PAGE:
Mark Cuban's tough-love advice for a 'Shark Tank' company: Don’t sell from a place of ‘desperation’
If Mark Cuban could solely invest in one personality trait, it would be confidence.
On Friday's episode of ABC's "Shark Tank," the billionaire investor said he rejected one start-up founder's pitch for that exact reason.
The founder, Liv Bowser, launched her Los Angeles-based mental health company Liberate in May 2020. The start-up offers instructor-led Zoom classes for both individuals and corporate partners on topics like journaling, conversation and meditation.
Bowser, who referred to Liberate as "the SoulCycle of mindfulness," told the Sharks that her company had made $50,000 in lifetime sales by the time of the taping. Roughly 65% of that came from corporate clients, while the remainder was from individual subscriptions, ranging from $19 to $49 per month.
For Cuban, that sales figure was a red flag: A company with such a promising concept, he said, should be making significantly more money after a year-plus of business. He told Bowser that she needed more confidence to stop "underpricing" and get consumers to pay top-dollar for a valuable service.
"You're on trend, you're on need, you're on value," he said. "Sell at a premium, don't sell out of desperation."
Cuban was spot on. The global alternative medicine industry, which includes mediation, yoga and chiropractic services, is currently worth $100 billion — and could surpass $400 billion by 2028, according to a report from market research firm Grand View Research.
Fellow Shark Robert Herjavec noted that some large mindfulness companies charge their corporate clients upwards of $50,000 or even $100,000, surpassing Liberate's entire amount of lifetime sales with one deal.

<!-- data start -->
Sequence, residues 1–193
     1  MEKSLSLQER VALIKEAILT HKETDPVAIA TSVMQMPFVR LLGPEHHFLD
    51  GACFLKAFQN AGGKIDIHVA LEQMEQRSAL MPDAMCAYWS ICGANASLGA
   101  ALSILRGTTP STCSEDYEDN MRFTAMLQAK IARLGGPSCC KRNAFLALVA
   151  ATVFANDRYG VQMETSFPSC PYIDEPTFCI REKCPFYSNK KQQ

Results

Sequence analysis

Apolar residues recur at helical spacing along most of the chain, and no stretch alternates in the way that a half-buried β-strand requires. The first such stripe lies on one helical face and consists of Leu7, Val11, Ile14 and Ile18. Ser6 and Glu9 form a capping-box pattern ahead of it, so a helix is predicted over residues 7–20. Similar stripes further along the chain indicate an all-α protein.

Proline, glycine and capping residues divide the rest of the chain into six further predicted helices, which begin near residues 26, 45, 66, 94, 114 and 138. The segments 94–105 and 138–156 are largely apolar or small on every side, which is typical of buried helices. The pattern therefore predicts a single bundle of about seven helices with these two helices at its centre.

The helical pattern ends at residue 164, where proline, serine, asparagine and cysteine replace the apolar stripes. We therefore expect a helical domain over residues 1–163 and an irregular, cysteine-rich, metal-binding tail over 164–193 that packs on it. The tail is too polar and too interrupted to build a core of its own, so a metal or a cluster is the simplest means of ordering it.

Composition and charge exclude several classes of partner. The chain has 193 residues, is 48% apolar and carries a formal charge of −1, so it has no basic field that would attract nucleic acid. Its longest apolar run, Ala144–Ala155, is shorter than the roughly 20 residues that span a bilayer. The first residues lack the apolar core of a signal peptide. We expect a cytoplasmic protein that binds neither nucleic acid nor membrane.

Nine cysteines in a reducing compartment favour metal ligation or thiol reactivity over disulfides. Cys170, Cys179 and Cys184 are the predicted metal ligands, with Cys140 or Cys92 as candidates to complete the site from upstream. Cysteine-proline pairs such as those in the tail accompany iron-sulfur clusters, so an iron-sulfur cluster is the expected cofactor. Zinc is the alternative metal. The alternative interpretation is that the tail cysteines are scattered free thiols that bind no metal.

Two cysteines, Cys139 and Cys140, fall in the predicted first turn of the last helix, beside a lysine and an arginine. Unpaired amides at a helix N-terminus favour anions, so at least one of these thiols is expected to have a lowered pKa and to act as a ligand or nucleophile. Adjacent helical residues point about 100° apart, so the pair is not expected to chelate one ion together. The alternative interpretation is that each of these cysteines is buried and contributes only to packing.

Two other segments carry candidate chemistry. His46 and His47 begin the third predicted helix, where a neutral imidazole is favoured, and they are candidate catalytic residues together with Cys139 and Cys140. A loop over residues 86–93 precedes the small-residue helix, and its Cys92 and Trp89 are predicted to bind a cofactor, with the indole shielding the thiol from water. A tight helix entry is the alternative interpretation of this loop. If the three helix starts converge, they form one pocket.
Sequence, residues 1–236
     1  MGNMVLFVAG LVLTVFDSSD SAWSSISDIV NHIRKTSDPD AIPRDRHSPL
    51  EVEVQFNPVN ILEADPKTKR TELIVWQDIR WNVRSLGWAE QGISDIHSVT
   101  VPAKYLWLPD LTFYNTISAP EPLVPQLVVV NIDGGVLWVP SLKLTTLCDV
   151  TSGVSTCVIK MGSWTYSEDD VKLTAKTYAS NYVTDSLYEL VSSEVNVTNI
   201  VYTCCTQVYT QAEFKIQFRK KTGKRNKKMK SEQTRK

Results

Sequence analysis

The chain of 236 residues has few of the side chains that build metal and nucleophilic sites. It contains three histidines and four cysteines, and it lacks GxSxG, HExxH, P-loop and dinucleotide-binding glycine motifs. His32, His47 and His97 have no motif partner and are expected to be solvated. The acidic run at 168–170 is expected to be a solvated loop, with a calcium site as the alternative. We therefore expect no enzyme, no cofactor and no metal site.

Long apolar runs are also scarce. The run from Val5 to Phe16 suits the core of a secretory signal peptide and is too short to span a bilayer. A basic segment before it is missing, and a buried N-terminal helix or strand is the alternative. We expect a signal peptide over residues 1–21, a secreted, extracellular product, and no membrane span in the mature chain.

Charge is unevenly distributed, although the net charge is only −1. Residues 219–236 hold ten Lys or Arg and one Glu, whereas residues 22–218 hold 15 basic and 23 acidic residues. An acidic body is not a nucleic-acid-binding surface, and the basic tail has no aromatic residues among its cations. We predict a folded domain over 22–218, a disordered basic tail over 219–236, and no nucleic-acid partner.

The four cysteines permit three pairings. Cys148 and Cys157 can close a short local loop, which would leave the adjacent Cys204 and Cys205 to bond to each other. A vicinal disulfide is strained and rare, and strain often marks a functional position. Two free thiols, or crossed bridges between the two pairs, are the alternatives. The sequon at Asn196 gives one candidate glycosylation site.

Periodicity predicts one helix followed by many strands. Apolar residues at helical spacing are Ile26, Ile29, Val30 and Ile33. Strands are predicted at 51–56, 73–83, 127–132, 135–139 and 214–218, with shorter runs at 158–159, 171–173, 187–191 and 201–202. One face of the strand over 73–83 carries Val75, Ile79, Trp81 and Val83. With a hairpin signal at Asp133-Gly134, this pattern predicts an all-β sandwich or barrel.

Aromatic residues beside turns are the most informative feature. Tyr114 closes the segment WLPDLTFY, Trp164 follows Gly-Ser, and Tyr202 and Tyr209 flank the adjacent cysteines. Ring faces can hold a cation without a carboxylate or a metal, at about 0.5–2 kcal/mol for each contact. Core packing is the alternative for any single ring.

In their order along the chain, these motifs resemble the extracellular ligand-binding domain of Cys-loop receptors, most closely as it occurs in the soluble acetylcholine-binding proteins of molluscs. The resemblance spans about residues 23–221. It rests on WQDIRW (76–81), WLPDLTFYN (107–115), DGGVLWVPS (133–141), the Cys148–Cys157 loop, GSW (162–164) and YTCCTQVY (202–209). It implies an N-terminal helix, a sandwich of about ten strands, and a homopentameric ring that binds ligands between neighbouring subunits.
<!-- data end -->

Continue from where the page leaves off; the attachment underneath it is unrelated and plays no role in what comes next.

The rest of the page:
In contrast, Bowser noted, she'd recently closed a deal with a corporate partner for just $6,900. "Selling $5,000 deals is no easier than selling $50,000 to $100,000 deals," Cuban told her.
The other Sharks also took issue with Liberate's lack of sales, even as they praised the start-up's mission.
"We all know the mind is the largest muscle on the body, and as soon as that thing expands, it never goes back," Daymond John said. "But you haven't figured it out yet."
Ironically, the most confident part of Bowser's pitch was also a sticking point: She wanted $200,000 for a 10% stake in her company, which would value Liberate at $2 million. The money would go toward hiring a sales manager to grow the company's corporate client outreach, she said.
The Sharks cited that estimate as a dramatic overvaluation. "I love everything about what you're doing," said Herjavec. "But there are big companies doing similar stuff. Why aren't you reaching their scale?"
"We're just getting started," Bowser said, arguing that the capital could help her grow to rival her competitors and, in turn, attract more lucrative corporate deals. But all five Sharks turned down her request without negotiating.
Despite the rejection, Bowser said she had no regrets.
"I think I could have valued [Liberate] lower to get a Shark on board," she said. "But honestly, I think it's going to be a billion-dollar company, so I'm happy I stuck to my guns."
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